In an old concrete warehouse on Stockton Street, Kip Gillam quickly grabs a package of Wasa Thin and Crispy Flat Bread and stacks it in a box with peaches, corn and chips with seasoned salt, before sliding the box down the line.
Dressed in sweatshirts, about a dozen volunteers bring life into the gray walls, chatting while sorting the donations in the chilly, fluorescent-light filled warehouse.
With each assembled box, the volunteers provide sustenance to Lodi’s homeless and low-income residents on Saturday mornings twice a month.
And when they come to pick up the food boxes, Kathy and Jim McClelland focus on giving them love.
“I want everyone to feel as valuable as they are,” she said.
During the last decade, the couple’s focus has always been on making a connection with everyone who walks in the door.
Building Blocks, an independent, faith-based nonprofit offers a church service that Jim McClelland, who is an ordained minister, leads when people pick up the food boxes on Saturday. They also host motivational speakers and offer advice to help people get back on their feet.
“We (serve) the heart, soul and body,” Kathy McClelland said. “In 10 years, we’ve kept that perspective of gratitude, self-dignity and gratefulness.”
They never turn anyone away in need, but they ask every person to evaluate how often they need help.
The McClellands are the executive directors of Building Blocks.
Some come twice a month, some stop in every couple of months when they can’t make ends meet and some only come during their jobs’ off seasons.
“These people become personable to us. We might be their ear if so-and-so died or if someone broke in and took their paycheck,” Kathy McClelland said.
The nonprofit has 1,600 registered families in the Lodi area, who at one time asked for help.
In 2011 alone, the nonprofit shared 3,349 boxes of food, held two summer camps for 106 youths, provided Thanksgiving and Christmas food boxes and shared 231 Christmas gifts with needy children.
They also helped 31 families with walkers, wheelchairs, diapers and medical portable toilets, two families who lost their homes due to fire, and built a library with 2,000 books for Pine Manor Guest Home, a care home.
The McClellands’ organization helps families weekly with donated clothes, furniture, books and household items, which they can pick up in a section of the warehouse that looks like a thrift store, where they can browse.
In 2011, they provided all of these services on a $20,000-a-year salary.
Now, the couple is looking for a new location that is smaller than their current warehouse. They are looking for a 3,000- to 5,000-square-foot building, with a low rent that will fit in their cash-strapped budget.
They are always looking for donations of food and clothing. Every week the contents of the food boxes change depending on where they get donations this week, but they always manage to distribute about three to five pounds of food to anywhere from 50 or 100 people.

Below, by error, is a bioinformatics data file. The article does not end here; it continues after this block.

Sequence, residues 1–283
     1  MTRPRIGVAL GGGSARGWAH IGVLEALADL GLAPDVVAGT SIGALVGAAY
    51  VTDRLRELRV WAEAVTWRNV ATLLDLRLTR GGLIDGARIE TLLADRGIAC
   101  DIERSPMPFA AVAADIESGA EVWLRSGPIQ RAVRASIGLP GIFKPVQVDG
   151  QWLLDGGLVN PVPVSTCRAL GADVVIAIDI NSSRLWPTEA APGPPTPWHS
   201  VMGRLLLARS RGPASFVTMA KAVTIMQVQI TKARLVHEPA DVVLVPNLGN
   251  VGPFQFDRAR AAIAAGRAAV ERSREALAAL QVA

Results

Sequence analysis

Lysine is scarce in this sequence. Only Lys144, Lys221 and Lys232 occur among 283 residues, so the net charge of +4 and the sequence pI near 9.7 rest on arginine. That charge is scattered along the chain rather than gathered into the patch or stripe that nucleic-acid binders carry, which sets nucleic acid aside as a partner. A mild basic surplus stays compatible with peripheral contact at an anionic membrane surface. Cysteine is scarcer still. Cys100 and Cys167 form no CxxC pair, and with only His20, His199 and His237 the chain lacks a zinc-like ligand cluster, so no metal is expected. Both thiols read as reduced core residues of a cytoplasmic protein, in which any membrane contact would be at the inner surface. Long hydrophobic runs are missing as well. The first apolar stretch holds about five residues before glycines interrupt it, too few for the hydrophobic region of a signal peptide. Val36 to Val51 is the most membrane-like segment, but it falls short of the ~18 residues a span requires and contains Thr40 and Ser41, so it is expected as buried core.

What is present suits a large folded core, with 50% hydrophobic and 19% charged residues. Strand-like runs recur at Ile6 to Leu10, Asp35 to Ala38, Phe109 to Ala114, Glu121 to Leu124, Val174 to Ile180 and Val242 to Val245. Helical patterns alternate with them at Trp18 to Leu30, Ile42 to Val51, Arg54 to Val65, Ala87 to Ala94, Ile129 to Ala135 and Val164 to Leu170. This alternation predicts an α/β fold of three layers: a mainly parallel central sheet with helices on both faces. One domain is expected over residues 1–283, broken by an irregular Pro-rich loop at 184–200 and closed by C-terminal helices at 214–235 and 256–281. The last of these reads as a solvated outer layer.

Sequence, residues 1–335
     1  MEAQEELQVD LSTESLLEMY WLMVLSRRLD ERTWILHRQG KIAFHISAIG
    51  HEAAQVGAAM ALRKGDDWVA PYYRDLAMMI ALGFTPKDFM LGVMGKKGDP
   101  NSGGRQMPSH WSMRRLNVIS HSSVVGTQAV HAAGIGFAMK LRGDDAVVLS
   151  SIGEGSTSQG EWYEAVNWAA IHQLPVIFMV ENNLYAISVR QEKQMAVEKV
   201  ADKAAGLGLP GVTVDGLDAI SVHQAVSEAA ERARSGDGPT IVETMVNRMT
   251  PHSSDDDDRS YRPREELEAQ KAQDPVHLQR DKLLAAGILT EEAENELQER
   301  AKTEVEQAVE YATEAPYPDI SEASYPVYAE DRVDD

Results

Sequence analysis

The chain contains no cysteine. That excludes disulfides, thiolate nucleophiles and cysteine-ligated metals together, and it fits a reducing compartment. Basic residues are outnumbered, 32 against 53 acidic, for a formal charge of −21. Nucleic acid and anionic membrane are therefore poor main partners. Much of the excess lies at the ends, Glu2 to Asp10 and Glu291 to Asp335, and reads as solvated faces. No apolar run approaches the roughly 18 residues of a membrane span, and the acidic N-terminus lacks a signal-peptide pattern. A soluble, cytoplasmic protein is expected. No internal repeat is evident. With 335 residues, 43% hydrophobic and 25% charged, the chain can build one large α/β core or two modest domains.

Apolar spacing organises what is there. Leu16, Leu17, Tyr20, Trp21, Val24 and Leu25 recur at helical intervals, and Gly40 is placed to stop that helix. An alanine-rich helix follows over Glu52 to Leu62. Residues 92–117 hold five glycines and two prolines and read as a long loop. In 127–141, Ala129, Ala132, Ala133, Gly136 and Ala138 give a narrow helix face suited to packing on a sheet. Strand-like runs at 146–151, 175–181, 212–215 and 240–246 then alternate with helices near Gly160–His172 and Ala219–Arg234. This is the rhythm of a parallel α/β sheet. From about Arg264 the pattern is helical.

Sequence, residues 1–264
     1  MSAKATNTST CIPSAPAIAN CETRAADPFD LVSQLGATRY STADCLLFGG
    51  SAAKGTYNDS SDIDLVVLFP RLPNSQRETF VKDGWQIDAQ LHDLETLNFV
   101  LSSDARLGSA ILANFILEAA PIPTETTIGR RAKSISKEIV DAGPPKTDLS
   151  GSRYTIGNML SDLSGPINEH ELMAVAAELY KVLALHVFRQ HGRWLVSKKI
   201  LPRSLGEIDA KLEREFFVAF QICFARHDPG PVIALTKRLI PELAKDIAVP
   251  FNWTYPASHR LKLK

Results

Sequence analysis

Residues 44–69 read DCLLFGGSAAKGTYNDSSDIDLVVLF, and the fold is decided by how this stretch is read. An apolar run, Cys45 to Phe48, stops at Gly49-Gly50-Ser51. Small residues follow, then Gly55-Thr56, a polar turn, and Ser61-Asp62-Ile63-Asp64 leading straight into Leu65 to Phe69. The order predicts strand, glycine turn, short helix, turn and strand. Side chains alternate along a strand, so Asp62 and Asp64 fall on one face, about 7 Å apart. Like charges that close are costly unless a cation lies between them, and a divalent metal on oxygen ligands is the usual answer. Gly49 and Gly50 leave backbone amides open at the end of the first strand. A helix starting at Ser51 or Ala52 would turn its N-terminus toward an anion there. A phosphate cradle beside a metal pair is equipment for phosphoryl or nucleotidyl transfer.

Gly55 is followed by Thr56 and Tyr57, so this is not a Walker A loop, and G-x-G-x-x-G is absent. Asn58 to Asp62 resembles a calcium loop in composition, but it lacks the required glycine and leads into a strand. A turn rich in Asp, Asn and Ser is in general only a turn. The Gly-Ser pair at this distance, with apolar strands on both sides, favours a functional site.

Grocery stores, the Stockton San Joaquin Food Bank, local farmers, churches and schools all donate to the nonprofit.
“We never know what we’ll have, but what God gives us, we share,” she said.
Boxes can include asparagus, hot chili peppers, whole grain bread, chocolate chip cookies, lunch meat and even toothpaste.
Kathy McClelland said people often don’t think about the simple things: a package of Depends for an elderly person, or canned water for the people who work in the fields, so it doesn’t stagnate in the heat.
When the couple can help a family, that is a chance it will help reduce a lot of the problems in society, whether it is gang involvement, prostitution or drug and alcohol abuse, Kathy McClelland said.
“You don’t know how you are impacting people’s hearts,” she said. “We want to impact them for the positive, and then the bad goes down.”
When Maria Henderson was in trouble, she said Building Blocks helped her off the streets and into the Salvation Army shelter.
“Building Blocks showed me my Salvation,” Henderson wrote in a letter. “This is where at my crossroads I met up with God, who was always with me.”
The nonprofit started after the two talked with the former founder of the group and realized their deep desire to help others. Kathy McClelland grew up doing ministry work, while her husband, Jim, grew up as a recipient of religious nonprofits.
“It came second nature to me,” McClelland said “My husband reaped love from places like this as a kid.”
One of the benefits of having an independent nonprofit is that Building Blocks can focus directly on the community.
“We’re the little fish in the sea. Anything given to us monetarily, it stays right here with the families,” she said.
Gillam has been volunteering with the nonprofit for six to seven years.
“I came down for a box of food, and they can’t get rid of me. I’m glad they are here; otherwise, we’d have families who would go hungry,” he said.
Lodi resident Jane Sheldon wrote a letter thanking Building Blocks and its volunteers for all the help they gave her family when she lost her job.
“I wasn’t sure what to expect, and to this day, all we can say is how blessed you have made us and so many others,” she wrote.
As the nonprofit helps those in need, Kathy McClelland hopes that everyone realizes that no matter the situation, they are loved.
“These people are trying to survive, and they are getting bitter inside. All I want is to try and love on them,” she said.